@

A lot has been written on Junot Díaz lately.  For several weeks starting in September, he appeared in at least twelve publications that showed up at my house.  He was in everything from the unsolicited Time Magazine, apparently intended for my fifteen-year-old son, to Vogue, where Díaz appeared in costume, dressed as a member of Edith Wharton’s circle.  Díaz’s face smiled out from Entertainment Weekly, and he appealed for understanding from the pages of the New York Times Magazine. Online, the Guardian Blog stated that the term “genius” was inadequate praise.  Seemingly everywhere, his big glasses, smooth head, trim beard, and tentative smile greeted me. If Andy Warhol still lived, he would use Junot Diaz as a subject.

Recently I traveled to Peru to research my next novel.   Peru rattled me, although I am not a nervous traveler.   When I was thirteen, I made the trip from Manila to Boston, including a required overnight stay in Los Angeles, by myself.  There was hitchhiking in Italy in my college years and other bold and ridiculous travel adventures; once I landed in Ravenna with no money and had to work two days at a communist beer festival to make train fare back to Florence.  I drove through the Texas Panhandle in an ice storm and had to sleep in a church.  I’ve negotiated public transport in Bangkok, often alone, and somewhat confidently.  In recent years, I waited out officials at the Zimbabwe/Zambia border as they attempted to extort one hundred dollars—something I would have given them, but which I didn’t have since, as I explained to them several times, only a stupid woman would travel alone and with lots of cash. I didn’t sweat it.  I had time, and I survived through those moments composed and sustained by the notion that, at some juncture, this would make a funny story.  But Peru made me nervous not because of danger, nor lack of money, nor corruption, nor alien culture, but because of language.  Peru made me nervous because of Spanish.  Spanish makes me nervous because I can’t speak it.  More clearly (not speaking Thai doesn’t bother me) Spanish makes me nervous because I can’t speak it, and I look like I should.  I call this particular anxiety “The Spanish Thing.”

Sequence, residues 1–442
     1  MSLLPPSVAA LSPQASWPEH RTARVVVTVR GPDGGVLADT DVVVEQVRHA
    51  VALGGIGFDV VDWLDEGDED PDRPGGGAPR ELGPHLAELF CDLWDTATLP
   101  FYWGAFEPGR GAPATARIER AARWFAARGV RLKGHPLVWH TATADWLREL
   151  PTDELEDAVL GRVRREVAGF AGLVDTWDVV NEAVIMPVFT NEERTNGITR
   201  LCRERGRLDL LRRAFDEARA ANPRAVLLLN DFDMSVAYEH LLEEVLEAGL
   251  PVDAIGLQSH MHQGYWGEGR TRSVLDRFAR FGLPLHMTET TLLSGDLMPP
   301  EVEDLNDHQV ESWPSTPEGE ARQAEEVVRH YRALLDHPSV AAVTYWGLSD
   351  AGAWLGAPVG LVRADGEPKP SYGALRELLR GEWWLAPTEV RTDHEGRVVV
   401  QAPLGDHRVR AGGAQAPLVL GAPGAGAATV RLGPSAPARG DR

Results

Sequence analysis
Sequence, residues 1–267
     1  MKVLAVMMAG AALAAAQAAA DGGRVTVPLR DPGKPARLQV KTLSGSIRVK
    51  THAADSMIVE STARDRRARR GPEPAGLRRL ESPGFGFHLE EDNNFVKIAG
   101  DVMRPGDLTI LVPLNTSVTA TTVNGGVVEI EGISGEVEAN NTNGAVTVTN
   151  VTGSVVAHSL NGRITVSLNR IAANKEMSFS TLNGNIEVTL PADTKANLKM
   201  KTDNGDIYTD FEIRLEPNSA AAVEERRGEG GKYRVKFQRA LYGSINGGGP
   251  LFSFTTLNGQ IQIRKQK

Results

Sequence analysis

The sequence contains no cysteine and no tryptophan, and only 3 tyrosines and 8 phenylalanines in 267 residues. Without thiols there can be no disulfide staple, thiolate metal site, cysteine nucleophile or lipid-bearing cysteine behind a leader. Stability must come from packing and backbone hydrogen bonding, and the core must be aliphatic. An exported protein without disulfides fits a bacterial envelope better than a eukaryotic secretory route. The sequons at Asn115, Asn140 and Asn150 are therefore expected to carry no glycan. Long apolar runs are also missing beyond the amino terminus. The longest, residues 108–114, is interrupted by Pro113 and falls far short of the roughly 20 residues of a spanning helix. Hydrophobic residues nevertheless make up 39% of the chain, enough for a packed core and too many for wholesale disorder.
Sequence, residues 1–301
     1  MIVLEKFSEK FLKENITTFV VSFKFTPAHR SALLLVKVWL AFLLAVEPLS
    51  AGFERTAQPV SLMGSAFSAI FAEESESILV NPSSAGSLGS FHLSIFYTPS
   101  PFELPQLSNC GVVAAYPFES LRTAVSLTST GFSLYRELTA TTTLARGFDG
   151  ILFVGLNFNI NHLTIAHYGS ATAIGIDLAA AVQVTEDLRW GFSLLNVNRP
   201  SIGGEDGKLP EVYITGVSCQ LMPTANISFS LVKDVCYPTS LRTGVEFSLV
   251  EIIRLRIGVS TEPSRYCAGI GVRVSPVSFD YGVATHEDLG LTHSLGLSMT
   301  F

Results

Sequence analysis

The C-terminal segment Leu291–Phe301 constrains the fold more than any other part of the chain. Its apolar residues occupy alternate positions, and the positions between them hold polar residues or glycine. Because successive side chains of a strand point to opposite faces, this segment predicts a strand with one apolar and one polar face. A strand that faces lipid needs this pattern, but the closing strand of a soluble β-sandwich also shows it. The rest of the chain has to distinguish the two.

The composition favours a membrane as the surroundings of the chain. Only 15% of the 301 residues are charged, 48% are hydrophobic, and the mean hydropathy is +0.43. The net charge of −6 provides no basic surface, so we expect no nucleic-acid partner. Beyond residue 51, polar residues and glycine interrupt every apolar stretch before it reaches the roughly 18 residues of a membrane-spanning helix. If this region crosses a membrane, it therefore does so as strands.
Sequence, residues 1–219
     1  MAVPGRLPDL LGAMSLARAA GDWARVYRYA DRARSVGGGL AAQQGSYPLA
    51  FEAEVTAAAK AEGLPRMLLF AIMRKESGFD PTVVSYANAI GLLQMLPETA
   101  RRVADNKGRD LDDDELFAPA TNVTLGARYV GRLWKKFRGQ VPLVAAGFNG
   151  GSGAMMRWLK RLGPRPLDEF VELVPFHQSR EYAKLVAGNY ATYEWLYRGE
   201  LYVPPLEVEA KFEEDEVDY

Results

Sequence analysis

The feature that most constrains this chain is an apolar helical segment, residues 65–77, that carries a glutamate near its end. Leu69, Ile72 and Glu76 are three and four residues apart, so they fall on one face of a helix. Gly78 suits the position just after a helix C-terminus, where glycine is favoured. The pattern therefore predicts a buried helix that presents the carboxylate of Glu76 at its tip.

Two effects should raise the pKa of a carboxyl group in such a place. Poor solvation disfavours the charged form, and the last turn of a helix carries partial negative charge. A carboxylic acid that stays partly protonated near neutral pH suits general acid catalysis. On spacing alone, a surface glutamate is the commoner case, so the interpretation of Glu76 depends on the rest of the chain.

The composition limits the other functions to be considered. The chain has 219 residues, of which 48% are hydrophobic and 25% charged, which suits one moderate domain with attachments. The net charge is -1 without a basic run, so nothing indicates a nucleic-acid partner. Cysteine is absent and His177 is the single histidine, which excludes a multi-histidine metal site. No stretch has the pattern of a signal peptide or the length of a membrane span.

In a distant incarnation of self, circa 1991, I was a member of the grunge scene in Portland, Maine. This did not entail much. I frequented bars, stayed razor-edge thin, and was sort-of (although I could be mistaken) dating a drummer from a band called Otis Coyote. One evening, we attended a party. Instantly, the crowd sorted itself into the musicians (males) and the people who had shown up with the musicians (females). I could only wonder what the musicians were talking about. I imagined they were discussing the things that the drummer talked about—music, books, wild stories from the not too distant past—while I pretended interest in the canned food drive that socially-conscious metal band Tesla had organized in coordination with their upcoming concert: whoever brought the most cans got to meet the band. My forays to join the musicians were met with a silent curiosity or the statement, “there’s more beer in the fridge.” This was a fight waiting to happen—which I promptly initiated at first opportunity—and I anticipated every word leveled at me in the car on the way home: snob, elitist, snob. I knew to steer clear of talking gender because I didn’t need “harpy” added to the others.